Two years ago, I temporarily stepped away from a twenty-year career as a high school English teacher to serve as the continuing improvement specialist (and sometimes kindergarten teacher) at Northside Elementary in St. James, Minn. As this position (which has been funded through a school improvement grant) winds down and I prepare to head back to the high school next fall, I want to share a few lessons I’ve learned during my time at Northside and other opportunities that have come up along the way.

Kindergarteners taught me more than I taught them.
Next fall, I’ll return to the high school, which is quite different from my occasional stints covering kindergarten classes this year. Kindergarteners’ educational targets may be small, but their energy can be downright daunting and it is amazing to think of the leaps and bounds (both figurative and literal) they make in the classroom. Nearly a half-century since I was one of them, I find myself feeling like they are WAY ahead of me.

What messages do our students hear, what practices do they adopt so that energetic learning machines often become jaded high school students? I don’t think this energy is entirely lost, but I know it will take hard work for me to inspire in my secondary students the kind of enthusiasm for learning that I saw with my kindergarteners. I’m excited for the challenge.

We should listen more to students.
As part of our Teacher Development and Evaluation plan, we administered student engagement surveys last fall and again this spring, and teachers and students were equally curious about the process and results. For teachers, students’ feedback resonated in important ways. Tired of hearing “experts” who render opinions about education? Listen to what your students—the real experts—have to say about your craft. It will no doubt help you grow as an educator.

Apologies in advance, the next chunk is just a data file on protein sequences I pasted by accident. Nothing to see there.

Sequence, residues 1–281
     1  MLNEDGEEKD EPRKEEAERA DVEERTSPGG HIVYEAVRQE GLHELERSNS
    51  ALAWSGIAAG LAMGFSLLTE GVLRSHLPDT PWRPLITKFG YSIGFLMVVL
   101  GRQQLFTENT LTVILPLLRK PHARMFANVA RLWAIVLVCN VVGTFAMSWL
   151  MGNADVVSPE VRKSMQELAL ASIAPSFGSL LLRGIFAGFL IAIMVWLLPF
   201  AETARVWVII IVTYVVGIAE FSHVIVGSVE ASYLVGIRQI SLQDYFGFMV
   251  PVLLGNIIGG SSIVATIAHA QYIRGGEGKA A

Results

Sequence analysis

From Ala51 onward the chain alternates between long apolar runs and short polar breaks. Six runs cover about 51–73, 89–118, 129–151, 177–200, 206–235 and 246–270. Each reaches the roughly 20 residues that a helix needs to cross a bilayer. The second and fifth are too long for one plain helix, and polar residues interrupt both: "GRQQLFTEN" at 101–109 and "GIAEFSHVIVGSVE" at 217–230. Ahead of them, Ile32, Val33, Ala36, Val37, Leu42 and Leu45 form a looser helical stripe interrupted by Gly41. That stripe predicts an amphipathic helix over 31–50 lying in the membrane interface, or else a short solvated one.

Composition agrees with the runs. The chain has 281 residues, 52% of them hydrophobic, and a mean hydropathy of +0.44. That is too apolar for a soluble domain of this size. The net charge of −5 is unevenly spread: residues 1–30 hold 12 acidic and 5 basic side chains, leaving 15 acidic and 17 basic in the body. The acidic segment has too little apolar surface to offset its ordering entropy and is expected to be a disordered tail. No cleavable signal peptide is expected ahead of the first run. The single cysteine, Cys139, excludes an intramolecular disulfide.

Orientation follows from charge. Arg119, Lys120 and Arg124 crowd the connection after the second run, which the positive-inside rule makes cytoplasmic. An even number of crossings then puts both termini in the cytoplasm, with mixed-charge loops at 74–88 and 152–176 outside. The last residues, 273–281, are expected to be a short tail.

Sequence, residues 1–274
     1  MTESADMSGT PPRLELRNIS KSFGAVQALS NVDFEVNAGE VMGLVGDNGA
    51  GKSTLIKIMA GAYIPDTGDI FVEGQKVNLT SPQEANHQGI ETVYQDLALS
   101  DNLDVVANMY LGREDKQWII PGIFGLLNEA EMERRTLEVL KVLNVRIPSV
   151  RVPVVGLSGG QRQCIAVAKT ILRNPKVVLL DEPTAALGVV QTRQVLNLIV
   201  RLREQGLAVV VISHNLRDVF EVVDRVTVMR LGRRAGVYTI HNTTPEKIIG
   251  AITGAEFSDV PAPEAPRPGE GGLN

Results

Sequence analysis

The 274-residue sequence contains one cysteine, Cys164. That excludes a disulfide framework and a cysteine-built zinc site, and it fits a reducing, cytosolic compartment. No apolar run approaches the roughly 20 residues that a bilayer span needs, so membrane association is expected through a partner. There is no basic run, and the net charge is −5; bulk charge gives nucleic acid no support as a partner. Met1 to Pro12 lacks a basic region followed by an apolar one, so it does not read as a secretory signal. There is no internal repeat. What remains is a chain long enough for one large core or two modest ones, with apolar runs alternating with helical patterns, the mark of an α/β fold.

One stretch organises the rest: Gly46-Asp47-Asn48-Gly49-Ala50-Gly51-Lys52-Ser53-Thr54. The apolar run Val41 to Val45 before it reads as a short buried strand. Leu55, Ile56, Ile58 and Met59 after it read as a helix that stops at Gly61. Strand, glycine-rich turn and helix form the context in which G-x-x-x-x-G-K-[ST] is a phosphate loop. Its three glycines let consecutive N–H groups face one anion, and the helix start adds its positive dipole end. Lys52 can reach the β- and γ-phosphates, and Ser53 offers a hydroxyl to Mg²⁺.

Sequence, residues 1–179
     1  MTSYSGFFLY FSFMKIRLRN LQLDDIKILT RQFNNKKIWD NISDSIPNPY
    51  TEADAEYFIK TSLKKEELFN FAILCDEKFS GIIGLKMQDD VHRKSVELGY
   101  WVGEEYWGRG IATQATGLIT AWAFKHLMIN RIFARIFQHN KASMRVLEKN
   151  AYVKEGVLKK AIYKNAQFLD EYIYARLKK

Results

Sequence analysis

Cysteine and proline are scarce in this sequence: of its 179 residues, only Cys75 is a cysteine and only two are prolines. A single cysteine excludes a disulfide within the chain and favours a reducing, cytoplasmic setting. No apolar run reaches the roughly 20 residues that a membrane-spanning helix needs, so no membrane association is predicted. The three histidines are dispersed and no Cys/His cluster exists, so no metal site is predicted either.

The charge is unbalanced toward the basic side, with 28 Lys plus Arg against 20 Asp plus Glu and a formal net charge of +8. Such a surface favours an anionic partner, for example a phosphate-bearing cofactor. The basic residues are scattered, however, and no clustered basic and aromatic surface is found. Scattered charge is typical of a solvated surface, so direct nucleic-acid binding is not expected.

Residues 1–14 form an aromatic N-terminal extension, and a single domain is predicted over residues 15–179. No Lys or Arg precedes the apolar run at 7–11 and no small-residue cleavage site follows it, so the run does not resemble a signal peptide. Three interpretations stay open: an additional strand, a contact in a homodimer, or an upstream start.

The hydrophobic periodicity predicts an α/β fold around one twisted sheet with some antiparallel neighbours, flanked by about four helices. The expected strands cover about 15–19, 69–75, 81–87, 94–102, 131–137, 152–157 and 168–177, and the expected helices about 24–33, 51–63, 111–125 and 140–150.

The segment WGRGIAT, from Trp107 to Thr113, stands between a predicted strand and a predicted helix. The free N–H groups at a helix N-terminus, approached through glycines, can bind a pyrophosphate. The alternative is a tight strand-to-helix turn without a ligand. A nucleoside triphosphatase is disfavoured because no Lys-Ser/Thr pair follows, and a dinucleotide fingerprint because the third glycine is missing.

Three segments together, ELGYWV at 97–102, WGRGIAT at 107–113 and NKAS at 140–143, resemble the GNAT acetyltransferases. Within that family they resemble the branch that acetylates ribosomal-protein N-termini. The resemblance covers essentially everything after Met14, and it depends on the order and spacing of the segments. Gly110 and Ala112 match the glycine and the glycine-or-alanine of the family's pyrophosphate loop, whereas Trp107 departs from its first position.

A committed group of people working for the same goal can accomplish great things.
A few months ago, I had a chance to visit a Hiawatha Academy campus, where an associate was kind enough to show me around the Minneapolis charter school, about which I had previously known very little. What I found was an impressive level of commitment among Hiawatha teachers, working to serve the present needs of their students and prepare them for future success.

They have made it work through extra hours and a clear, worthy focus that staff and parents alike hold in high esteem. Parents are so impressed by Hiawatha, they’ve asked for the charter network to accelerate plans to build a high school.

I walked away from the day inspired to think about what practices and strategies I could bring back to my own community and craft. I don’t believe Hiawatha is successful simply because it is a charter school—it’s successful because of the commitment and vision of its staff, and my school can certainly learn from that.

Knowing EVERYTHING is not what is important, knowing what is IMPORTANT is everything.
Want to improve your teaching? The first—and most important—step is to adopt an attitude of continuous improvement and reflection. When it comes to communication, grading, mentoring, goal-setting and everything else, use that lens to constantly question, “Is this what is important?” Take the time to ask and answer this question, and to consider what will really help raise student achievement.

Above all, my time at Northside confirmed for me that when it comes to teaching, I certainly do not know everything. But as long as I’m open to it, I can keep growing in my craft. Kindergarteners, student surveys and educators from another school all have something to teach me about my teaching.


Lee Carlson taught high school English for over twenty years before becoming the continuing improvement specialist at Northside Elementary in St. James, Minn. He’s a former national director for the Cushing’s Support and Research Foundation and state corporate president for Hugh O'Brian Youth Leadership, and currently serves as a board member of Education Minnesota, the Minnesota Rural Education Association and Minnesota Education Equity Partnership. Lee’s interested in just about everything—especially hanging out with his wife (who teachers fifth-grade) and three children—but mostly blogs about equity in education, teacher development, leadership and building partnerships.

The MinnCAN blogging fellowship allows Minnesota teachers, administrators and parents to share their thoughts on key education issues. MinnCAN supports fellows seeking to advance the conversation around public education, though fellows' views and opinions are solely their own.


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